Inside, each of us *secretly* KNOWs we have great ideas. But outside, in the real world of work, management, and performance reviews, our ideas are ignored or, more likely, discouraged. If you've ever heard a boss say "So, ... you are telling me I don't know how to do my job?" You know how invention-discouragement, feels.

Before I discovered inventing at HP, I was very frustrated broad minded person crushed into a narrow job.

Then, I discovered HP's invention process. The GENIUS of this process is that inventors turned in disclosures not to their bosses, but to a team that focused on evaluating the idea's technical and economic merit. That team, was the patent committee.

At HP patent committees encouraged bosses for their employees who invent. So HP inventors avoided much of the default-negative-boss-response-to-new-ideas.

So the HP employee invents again. Boss gets encouraged again by patent committee, but sees a pattern beginning and tells employee "You have to do your job, don't invent any more." Next invention, HP employee puts boss's name on invention as co-inventor ... *FINGERS SNAP* ... boss is 100% behind employee inventing henceforth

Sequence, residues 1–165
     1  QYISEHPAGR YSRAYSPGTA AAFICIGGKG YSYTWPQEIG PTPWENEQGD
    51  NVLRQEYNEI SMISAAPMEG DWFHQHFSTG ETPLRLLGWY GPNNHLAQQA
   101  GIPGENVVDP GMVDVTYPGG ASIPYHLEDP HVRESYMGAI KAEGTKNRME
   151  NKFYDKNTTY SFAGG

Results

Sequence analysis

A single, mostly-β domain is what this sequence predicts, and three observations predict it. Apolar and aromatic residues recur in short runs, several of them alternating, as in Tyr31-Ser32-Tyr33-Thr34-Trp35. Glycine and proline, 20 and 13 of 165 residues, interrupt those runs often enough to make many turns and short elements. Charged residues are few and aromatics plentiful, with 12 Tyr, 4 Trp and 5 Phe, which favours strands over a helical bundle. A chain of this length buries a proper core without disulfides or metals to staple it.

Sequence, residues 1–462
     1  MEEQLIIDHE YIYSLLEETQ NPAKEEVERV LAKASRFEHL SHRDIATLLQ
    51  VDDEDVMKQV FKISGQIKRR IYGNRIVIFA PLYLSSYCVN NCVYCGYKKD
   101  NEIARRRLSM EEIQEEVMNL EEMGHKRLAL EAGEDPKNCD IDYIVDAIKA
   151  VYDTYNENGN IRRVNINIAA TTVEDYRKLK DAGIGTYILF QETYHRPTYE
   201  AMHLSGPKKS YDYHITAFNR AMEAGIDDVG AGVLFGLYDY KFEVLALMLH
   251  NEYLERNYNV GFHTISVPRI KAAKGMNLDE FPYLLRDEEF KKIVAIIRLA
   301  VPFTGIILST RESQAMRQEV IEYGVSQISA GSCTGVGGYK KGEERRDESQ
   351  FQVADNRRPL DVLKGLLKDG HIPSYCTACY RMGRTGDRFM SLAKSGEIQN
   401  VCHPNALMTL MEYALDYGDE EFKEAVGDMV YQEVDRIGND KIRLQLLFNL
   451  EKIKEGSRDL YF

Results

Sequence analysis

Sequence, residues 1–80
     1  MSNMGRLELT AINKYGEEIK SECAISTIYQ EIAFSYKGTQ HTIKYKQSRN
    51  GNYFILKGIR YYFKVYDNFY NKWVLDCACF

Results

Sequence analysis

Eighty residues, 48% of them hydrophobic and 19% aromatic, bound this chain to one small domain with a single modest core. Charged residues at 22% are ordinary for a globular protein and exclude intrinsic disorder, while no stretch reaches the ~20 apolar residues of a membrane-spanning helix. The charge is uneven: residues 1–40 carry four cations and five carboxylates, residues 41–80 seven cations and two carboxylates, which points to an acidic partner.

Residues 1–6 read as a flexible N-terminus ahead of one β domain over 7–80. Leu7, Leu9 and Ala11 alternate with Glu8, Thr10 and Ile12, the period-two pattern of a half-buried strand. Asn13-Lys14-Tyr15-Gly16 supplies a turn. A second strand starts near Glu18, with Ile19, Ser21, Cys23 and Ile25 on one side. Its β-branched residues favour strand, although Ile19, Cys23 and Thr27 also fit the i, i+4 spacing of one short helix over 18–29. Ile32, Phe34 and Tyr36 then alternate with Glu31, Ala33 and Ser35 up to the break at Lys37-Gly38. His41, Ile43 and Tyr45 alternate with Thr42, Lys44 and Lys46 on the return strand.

If you've read this far ..

you need to experience inventing to believe it. From the outside inventing looks like the dryest subject imaginable. But from the inside, inventing is about life. Life of the mind. Life of companies. The life of discovering hope on a seemingly soul-less corporate treadmill. When you start inventing your friends who have until now told you "You are being disruptive." will suddenly flip to say "It looks like you are hitting your stride!"

Inventing is transformational ...